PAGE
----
self-consciousness and the idea of objectivity. Unfortunately, the argu-
ment is completely done in by its unsystematic presentation. Kant
¬rst argues that the synthesis of reproduction requires the synthesis
of recognition in a concept: “Without consciousness that that which
we think is the very same as what we thought a moment before, all
reproduction in the series of representations would be in vain” (A103).
This requires the use of concepts because recognizing something as
the same thing previously apprehended requires conceiving that thing
under some predicate F. In counting, for example, one can reproduce

4 Young, “Kant™s View of Imagination,” especially 147ff.
The Transcendental Deduction 111
previously apprehended units only if one recognizes the reproduced
parts as the same units previously apprehended. Ultimately, to repre-
sent the resulting integer, we must conceive the units as parts related
by the addition operation: Kant says the concept of number “consists
solely in the consciousness of this unity of the synthesis” (A103). In
other words, to generate representations of uni¬ed things composed
of parts, we must employ concepts of both the whole towards which
one is progressing, as well as the parts composing it. Although Kant
has not yet connected these concepts to the categories, he has shown
that a system for conceiving part“whole relations is presupposed in
experience of complex particulars.
The remainder of this passage links pure concepts to the experience
of objectivity and the necessity of self-consciousness. Kant™s presen-
tation is so badly organized, however, that it is not easy to see the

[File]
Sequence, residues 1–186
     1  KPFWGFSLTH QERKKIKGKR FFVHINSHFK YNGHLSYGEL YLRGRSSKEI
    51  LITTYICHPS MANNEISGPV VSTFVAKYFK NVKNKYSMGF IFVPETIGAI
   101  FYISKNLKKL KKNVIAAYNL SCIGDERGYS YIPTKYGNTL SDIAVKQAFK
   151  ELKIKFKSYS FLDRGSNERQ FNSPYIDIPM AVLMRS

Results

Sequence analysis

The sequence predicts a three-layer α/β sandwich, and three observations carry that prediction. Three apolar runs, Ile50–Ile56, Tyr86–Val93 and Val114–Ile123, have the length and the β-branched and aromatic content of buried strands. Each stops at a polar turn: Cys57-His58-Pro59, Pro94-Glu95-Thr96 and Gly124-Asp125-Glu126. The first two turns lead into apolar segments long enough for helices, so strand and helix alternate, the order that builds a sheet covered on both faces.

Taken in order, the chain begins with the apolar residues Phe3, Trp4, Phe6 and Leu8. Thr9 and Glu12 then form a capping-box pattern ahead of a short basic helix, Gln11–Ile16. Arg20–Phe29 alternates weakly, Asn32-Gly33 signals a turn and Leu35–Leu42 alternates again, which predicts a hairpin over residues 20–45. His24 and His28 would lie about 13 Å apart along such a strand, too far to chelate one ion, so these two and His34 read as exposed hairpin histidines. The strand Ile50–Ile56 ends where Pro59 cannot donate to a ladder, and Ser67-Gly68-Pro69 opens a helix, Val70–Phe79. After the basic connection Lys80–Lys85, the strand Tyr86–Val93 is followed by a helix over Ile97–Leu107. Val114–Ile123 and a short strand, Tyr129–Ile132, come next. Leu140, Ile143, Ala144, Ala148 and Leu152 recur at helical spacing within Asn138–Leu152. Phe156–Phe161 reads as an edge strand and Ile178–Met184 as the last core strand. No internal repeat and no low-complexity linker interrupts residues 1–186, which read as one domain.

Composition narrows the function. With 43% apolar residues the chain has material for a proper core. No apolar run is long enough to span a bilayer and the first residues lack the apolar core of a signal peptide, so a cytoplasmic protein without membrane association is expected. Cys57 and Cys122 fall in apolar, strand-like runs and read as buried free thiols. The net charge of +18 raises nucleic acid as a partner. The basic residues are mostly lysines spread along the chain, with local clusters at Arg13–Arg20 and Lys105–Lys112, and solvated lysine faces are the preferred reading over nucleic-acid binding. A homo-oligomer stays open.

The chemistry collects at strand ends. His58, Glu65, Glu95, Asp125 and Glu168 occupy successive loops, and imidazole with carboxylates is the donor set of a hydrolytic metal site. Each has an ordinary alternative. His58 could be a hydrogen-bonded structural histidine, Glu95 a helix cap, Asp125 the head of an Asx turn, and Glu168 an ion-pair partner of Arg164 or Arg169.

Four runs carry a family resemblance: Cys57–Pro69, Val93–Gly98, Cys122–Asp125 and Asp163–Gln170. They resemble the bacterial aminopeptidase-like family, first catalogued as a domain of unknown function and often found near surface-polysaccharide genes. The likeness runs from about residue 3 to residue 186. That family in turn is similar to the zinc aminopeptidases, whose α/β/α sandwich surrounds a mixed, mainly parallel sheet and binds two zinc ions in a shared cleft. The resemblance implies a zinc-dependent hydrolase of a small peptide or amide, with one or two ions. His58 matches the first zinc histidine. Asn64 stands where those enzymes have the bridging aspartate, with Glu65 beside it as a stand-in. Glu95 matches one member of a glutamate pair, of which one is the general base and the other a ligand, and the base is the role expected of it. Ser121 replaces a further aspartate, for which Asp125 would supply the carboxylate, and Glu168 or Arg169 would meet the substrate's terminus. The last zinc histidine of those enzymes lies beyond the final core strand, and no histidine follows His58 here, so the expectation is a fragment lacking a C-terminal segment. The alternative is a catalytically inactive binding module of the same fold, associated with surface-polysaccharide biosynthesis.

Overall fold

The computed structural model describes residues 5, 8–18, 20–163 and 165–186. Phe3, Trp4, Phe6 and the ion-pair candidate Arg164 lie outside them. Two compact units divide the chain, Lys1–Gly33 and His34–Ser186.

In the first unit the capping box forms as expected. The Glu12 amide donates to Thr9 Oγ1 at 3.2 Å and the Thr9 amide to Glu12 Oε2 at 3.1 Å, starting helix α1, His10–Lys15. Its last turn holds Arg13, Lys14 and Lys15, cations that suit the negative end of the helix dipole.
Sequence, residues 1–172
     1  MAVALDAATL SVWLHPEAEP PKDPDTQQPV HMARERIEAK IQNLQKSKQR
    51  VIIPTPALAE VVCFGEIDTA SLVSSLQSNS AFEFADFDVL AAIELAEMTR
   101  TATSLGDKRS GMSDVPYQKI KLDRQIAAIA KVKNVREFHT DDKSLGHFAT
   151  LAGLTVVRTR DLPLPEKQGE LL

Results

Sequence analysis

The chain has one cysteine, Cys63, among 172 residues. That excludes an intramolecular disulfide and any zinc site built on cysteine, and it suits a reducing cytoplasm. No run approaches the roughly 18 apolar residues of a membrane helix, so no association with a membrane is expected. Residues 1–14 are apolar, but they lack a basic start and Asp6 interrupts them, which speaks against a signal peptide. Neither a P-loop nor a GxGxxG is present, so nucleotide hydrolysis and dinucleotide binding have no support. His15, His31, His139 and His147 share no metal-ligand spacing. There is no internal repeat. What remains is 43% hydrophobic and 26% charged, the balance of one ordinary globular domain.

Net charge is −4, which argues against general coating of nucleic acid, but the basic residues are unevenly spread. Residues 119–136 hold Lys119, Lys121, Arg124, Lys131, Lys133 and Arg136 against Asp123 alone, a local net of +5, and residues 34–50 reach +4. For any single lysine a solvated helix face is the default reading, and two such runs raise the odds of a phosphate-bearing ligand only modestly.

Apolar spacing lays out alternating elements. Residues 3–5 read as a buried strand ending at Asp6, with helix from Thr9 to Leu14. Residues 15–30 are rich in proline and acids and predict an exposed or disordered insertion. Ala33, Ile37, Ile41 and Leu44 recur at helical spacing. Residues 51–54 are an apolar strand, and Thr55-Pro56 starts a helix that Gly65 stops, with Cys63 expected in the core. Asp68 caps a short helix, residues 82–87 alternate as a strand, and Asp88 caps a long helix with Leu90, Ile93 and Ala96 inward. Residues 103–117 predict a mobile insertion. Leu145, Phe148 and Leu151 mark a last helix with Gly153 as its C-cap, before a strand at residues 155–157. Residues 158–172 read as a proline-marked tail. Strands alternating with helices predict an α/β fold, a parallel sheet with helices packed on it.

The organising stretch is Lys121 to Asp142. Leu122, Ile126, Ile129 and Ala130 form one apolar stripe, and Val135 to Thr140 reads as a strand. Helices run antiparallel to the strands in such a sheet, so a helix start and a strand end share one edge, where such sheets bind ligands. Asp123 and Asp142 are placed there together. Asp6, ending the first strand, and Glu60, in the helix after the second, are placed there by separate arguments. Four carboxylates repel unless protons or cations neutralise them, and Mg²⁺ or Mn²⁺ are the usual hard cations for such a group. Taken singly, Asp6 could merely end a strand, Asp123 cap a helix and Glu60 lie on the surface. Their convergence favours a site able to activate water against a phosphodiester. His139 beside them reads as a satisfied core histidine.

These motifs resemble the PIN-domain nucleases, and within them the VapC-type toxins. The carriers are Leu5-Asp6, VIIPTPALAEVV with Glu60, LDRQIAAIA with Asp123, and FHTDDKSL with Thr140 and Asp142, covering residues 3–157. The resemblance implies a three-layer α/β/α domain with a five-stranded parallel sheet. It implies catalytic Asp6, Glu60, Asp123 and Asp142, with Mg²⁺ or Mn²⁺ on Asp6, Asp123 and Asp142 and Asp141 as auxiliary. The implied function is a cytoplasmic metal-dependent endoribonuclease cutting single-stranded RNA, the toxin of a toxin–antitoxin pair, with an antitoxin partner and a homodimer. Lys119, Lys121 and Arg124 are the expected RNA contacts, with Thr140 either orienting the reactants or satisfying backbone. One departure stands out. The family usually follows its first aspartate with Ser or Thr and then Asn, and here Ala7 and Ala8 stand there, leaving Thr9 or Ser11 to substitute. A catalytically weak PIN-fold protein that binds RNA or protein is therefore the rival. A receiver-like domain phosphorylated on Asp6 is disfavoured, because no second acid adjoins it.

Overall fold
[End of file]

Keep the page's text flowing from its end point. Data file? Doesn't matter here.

connections between these ideas. From A103 to A111 he appears to
make this argument:
1. Consciousness of conceptual unity presupposes a unitary con-
sciousness. (A103“4)
2. The notion of an object of representation includes the idea of a
necessary unity. (A104“6; A108“9)
3. Consciousness of objective unity requires a transcendental self-
consciousness (as opposed to an empirical self-consciousness).
Awareness of this identical self makes possible the notion of a
transcendental object. (A106“7; A108)
4. A transcendental self-consciousness is consciousness of unity of
synthesis by means of pure concepts. (A107“8)
5. Thus the pure concepts are presupposed in all objective awareness.
(A109“11)
One can see from this summary why the A edition deduction is
deemed a failure. Nevertheless, let us examine the main points, to
prepare for the B edition proof.
At A103“4 Kant connects the unity thought through concepts with
a unitary consciousness. We saw that in counting, the concept of the
number represents the whole resulting from a successive addition of
units. Like the concept of number, all concepts represent the unity
of a manifold, insofar as they are ways of thinking part“whole rela-
tions. Now Kant argues that consciousness of conceptual unity pre-
supposes a unitary consciousness. To end up with a single complex
The Transcendental Deduction
112